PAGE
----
COA: Yolanda relief ‘chaotic, crazy’
MANILA, Philippines – “It was that crazy on the field, I’m sorry …. It’s regrettable although understandable. Talagang (It was really) chaos.”
This is how Commission on Audit (COA) chairperson Grace Pulido-Tan described the findings of a report her agency is finalizing on aid and relief efforts following Super Typhoon Yolanda (Haiyan).
In a Senate hearing on Monday, March 17, Tan revealed that the COA is coming out with a report focusing on systems and procedures of aid during the world’s worst typhoon that hit the Visayas on Nov 8, 2013. The disaster killed over 6,000 people and left over 4 million people displaced.
The COA’s findings confirmed what many observers long pointed out but the government dismissed. (READ: Haiyan crisis: no ground commander)
“There was really no one calling the shots, doing coherent coordination. It was an emergency; a huge catastrophe. Everybody was at a loss. That’s fine but we have to bring out that finding,” Tan said.
The COA chief cited an incident several days after the typhoon in Tacloban, a city that bore the brunt of the calamity.
“So many planes were coming in but in the airport, there was no manager. No one was directing. Nobody could tell us where, what airplane to look for the goods so you have to check every plane that lands where the goods are intended for that particular beneficiary group. It was that crazy.”
Tan explained that the “chaos” was a factor why the COA decided to focus on auditing systems first before the actual funds.
She said the government procedure was to accept donations through the Department of Social Welfare and Development’s (DSWD) bank accounts, the National Disaster Risk Reduction and Management Council (NDRRMC) and the Philippine Red Cross.
In reality, Tan said what happened was a lot of the donations went straight to the beneficiaries. Another factor is that the aid listed on the government portal Foreign Aid Transparency Hub (FAITH) included pledges, with the money yet to be received.
“There was so much less given to DSWD than what was given to Red Cross. Not all of those listed in FAITH are in cash, a lot of them are in kind so it’s very difficult to put a value. A lot of them are in the form of pledges…. We don’t even know [if funds were mismanaged] because even the LGUs on the ground, they didn’t know exactly who helped them, what help they got,” Tan said.
DSWD Secretary Dinky Soliman said she agreed that at first, the aid effort was disorganized but added that the government later set up one-stop shops to process foreign aid, and to be able to give tax exemptions.
“We will work closely with COA on the system report so we can improve it,” Soliman said.
‘Private groups should report to DSWD’
Senators also directed the DSWD to monitor the funds that private organizations raised for Yolanda. Senate finance committee chairman Francis Escudero said the DSWD rules require any organization raising funds to secure a permit from the department, and report to the agency how the money was used.
Asked if they monitored the funds private groups raised for Yolanda, Soliman admitted that the DSWD did not.
“Technically they should have [applied for a permit] but because it was an emergency, that would be their reason for not asking for a permit. I’ll do a check of all those registered with us. We’ll ask them to do an accounting if they’re registered with us. If they’re not registered, we can’t demand an explanation because they’re not in our purview,” Soliman said.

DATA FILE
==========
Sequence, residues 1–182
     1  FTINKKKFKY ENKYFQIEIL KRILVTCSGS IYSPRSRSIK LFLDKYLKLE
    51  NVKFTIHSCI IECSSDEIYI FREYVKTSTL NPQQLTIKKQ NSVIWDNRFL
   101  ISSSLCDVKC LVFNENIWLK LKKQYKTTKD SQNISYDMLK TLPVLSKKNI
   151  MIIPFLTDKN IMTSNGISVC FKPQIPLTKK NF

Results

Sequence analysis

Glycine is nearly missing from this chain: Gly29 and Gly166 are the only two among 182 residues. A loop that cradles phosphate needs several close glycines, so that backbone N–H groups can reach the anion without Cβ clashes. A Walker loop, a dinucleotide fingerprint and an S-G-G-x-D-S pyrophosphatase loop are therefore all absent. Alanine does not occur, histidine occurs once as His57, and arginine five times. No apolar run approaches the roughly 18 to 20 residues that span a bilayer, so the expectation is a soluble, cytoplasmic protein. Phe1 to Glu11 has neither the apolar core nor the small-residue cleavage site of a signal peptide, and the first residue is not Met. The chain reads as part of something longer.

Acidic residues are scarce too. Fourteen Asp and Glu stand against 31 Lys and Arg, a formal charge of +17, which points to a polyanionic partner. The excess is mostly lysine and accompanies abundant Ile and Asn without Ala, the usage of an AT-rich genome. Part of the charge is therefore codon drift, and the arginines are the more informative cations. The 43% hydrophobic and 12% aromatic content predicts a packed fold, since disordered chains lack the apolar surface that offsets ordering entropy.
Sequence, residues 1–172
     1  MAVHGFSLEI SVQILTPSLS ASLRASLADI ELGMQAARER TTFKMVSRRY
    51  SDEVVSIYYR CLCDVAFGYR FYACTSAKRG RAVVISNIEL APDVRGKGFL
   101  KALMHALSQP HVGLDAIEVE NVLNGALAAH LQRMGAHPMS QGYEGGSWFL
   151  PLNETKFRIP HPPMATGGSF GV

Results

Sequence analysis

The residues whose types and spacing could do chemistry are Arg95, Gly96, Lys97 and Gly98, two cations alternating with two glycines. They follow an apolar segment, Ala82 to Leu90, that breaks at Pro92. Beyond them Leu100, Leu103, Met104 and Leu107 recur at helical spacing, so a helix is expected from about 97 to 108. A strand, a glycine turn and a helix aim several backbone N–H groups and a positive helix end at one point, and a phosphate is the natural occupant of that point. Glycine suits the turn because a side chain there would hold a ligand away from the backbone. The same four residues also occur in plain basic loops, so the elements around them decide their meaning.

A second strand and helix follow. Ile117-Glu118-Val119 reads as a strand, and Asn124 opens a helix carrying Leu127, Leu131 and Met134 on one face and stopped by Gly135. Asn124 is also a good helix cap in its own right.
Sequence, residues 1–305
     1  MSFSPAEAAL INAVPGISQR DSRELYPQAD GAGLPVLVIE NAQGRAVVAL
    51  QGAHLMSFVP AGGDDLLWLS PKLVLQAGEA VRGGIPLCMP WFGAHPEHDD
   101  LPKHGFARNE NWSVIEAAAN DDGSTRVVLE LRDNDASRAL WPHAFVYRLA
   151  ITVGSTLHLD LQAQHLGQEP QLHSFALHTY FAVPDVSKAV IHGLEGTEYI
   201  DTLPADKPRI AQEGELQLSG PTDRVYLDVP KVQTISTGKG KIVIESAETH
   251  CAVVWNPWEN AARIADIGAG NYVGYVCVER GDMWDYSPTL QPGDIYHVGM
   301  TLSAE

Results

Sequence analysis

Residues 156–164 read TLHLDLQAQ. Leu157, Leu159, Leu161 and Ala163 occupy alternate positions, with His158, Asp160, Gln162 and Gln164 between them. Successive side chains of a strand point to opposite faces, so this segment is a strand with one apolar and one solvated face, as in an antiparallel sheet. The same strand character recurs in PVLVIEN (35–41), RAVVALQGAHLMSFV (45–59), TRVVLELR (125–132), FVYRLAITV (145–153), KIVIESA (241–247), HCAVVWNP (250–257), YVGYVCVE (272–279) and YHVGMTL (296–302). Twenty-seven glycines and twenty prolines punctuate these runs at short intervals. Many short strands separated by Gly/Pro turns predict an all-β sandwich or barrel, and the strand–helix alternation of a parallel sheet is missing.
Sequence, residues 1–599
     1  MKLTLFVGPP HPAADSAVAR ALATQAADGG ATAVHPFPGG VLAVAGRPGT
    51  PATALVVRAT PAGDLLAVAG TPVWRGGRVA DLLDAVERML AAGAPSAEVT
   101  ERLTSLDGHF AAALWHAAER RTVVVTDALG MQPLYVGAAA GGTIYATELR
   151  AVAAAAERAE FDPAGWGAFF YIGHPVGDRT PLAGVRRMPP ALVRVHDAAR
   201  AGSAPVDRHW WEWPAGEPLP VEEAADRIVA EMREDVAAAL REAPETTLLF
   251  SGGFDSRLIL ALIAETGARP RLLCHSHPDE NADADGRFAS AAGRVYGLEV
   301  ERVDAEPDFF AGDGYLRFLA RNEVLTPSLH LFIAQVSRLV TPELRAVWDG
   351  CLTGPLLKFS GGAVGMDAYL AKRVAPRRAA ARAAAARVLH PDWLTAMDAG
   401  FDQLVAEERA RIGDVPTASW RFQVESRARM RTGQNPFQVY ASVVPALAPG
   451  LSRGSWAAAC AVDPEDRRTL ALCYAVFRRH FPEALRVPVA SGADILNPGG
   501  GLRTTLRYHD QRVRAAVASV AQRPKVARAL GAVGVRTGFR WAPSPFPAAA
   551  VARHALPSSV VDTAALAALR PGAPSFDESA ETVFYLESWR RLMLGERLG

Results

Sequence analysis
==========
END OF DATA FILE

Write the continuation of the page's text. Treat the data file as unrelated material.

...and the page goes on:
Soliman said the DSWD will have to review its guidelines to see if groups not registered with the department will also be required to report about their use of Yolanda funds. She added there is a need to review the P1,000-penalty for fund-raising groups that do not secure a permit.
Escudero told reporters he understands that private groups cannot secure a permit from the DSWD when a calamity strikes but they can do this months later.
“If they do not get a permit on time, several months already passed, perhaps they can now secure a permit even if post-facto, after the fact. Submit a report on how much they raised and where the funds went. This is a concern of many organizations and individuals who wrote our office asking where the funds are,” Escudero said.
Senator Teofisto “TG” Guingona III also suggested that private organizations apply for a one-year permit so they already have it even before disaster happens. “It seems ridiculous to apply for a permit if the emergency is already on the doorstep.”
Escudero asked Soliman to submit a report to his committee on the private organizations that raised funds in past disasters like Tropical Storm Ondoy in 2009, Typhoon Sendong in 2011, and Typhoon Pablo in 2012.
DSWD checking reports on buried goods
Senator Nancy Binay asked Soliman to comment on reports that expired relief goods were buried in Palo, Leyte.
The DSWD secretary said she asked her team to check the report and found that the donations were from various donors and had to be disposed of because they got wet and was declared unfit for consumption.
“Some arrived already wet. Some did not but inadvertently, they put it in a place where the roof was leaking,” Soliman said.
Soliman added that she has to get more updates from the group amid different reports on the incident.
Yolanda victims have been complaining about the slow pace of aid and rehabilitation efforts 4 months after the disaster struck. – Rappler.com